My lunchtime education reminds me much of all I have gleaned from the questions asked by other students in the classes I have taken through the RCGC. The instructors and their course content for these classes are truly exemplary. The classes showcase both the breadth and the depth of the instructor’s skill and knowledge. And as a testament to each instructor’s expertise and acumen is how they answer the students’ questions. Students often bring their garden and landscaping queries with them to ask the instructor who not only answers the questions, they often use them to illustrate the different objectives of the class. This makes each class a unique opportunity for learning.

So if you haven’t taken an RCGC class yet, give it a try. There is so much to learn for so little. Each quarter there are also classes and "brown-bag lunches" that are free to RCGC members. (See the course catalog for more details about these offerings.) Or if you have already taken a class from us, how about another class on a different topic? They are always changing. Or perhaps you could take a favorite one again. Some of the classes, such as the hands-on Pruning classes with Mike Tanzini, can be taken over and over again with each one being a very unique and learning experience. I’m sure you’ll go away with some new learnings...kind of like me at lunchtime.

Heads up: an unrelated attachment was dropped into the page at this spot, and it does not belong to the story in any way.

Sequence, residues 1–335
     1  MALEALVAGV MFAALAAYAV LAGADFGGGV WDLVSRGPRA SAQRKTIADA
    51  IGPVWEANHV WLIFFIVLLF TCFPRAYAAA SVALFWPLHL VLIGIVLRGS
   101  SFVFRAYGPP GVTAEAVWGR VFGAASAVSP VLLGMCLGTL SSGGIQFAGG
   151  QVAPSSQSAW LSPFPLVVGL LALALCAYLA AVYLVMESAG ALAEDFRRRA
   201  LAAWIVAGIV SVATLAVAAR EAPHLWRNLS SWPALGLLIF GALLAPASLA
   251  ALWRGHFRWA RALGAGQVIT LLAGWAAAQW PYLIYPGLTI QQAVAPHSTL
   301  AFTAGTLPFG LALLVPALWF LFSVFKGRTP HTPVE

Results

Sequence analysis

Thursday, July 10, 2008

Attention Greedy Gardeners

Maybe you're like me-I always want more plants than I can fit into my garden, so shrubs that can be cut back are big on my list . I wasn't aware of many of the varieties available (like Fuschia Magelinica) until I started talking with Jerry Kral about some of the shrubs he has experimented with. Did you know that many "tender" shrubs can be over-wintered and treated like hardy perennials? Jerry really knows his plants, and his garden never fail to inspire me. It's a treat to go there. Don't miss Tender Shrubs and Botanical Treasures on Wednesday July 16, 7-8:30pm.